As noted above, while Roku TV remotes are incredibly easy to use, they’re far from comprehensive. The hotkeys, for instance, can be something of a crapshoot—see the “AT&T Now” button on my 2017 TCL 6-series remote. Thankfully, not only does the Roku Voice Remote Pro come with three out of four of my favorite apps, including Disney Plus, Hulu, and Netflix but, like some of Roku’s other devices, it also includes two programmable keys to fill in the gaps.
Labeled simply “1” and “2,” the keys can be used as hotkeys for your favorite TV inputs or your favorite apps that aren’t already included on the remote (I chose HDMI 1 and HBO Max respectively). But that’s just for starters. Programmable with “Hey, Roku” commands, the keys can be used for virtually any command you can think of for supported apps.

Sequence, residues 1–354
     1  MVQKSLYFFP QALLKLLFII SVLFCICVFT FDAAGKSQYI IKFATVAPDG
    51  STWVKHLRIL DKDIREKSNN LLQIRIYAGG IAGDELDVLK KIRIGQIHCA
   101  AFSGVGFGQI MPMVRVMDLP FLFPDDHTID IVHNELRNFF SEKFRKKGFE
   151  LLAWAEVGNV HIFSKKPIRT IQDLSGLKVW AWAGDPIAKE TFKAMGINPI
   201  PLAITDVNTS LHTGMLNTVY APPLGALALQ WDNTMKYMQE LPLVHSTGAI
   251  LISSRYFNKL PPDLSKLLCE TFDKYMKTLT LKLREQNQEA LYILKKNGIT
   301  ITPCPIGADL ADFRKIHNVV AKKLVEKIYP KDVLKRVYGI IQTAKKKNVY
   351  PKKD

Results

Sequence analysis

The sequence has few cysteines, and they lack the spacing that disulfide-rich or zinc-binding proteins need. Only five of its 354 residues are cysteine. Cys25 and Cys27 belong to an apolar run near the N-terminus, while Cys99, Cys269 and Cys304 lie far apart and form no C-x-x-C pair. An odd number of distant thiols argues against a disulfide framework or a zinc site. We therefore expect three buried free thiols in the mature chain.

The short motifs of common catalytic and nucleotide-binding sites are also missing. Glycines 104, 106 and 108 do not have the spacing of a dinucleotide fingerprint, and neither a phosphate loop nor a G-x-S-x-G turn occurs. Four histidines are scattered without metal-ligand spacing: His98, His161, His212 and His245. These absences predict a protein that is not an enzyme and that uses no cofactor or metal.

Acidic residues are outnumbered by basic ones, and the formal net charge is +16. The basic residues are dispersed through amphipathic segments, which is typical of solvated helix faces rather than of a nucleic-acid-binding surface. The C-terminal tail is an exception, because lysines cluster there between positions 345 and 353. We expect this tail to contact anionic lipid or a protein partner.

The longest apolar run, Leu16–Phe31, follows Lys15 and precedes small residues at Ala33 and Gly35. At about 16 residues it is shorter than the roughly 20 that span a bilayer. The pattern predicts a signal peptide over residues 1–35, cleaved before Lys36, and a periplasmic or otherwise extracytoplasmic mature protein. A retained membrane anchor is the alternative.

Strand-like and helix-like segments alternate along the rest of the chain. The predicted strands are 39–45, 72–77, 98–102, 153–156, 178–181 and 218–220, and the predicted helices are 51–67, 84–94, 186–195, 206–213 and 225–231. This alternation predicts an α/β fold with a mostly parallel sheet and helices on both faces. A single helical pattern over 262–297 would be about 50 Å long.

Say you want a hotkey to launch Friends on HBO Max? No problem. (It’s pandemic times, no one is judging). How about a Frozen button (or whatever the kids are murder-watching these days) on Disney Plus? Easy to do, and easy to change when you’re at your breaking point. It’s also great for less tech-savvy folk, allowing them to just click one button to go to their preferred content or favorite channel without having to navigate through menus and apps.
While I wouldn’t mind a four-pack of these babies on board, programmable hotkeys are a great step up.
Forget the batteries, and let the baby sleep
Like some of Roku’s top devices, the Voice Remote Pro comes with a headphone input for enjoying your TV in solitude without disturbing the fam (headphones not included). And perhaps best of all when it comes to hardware, you’ll never have to worry about buying batteries again thanks to the USB charging (though I do wish it was USB-C for easier compatibility).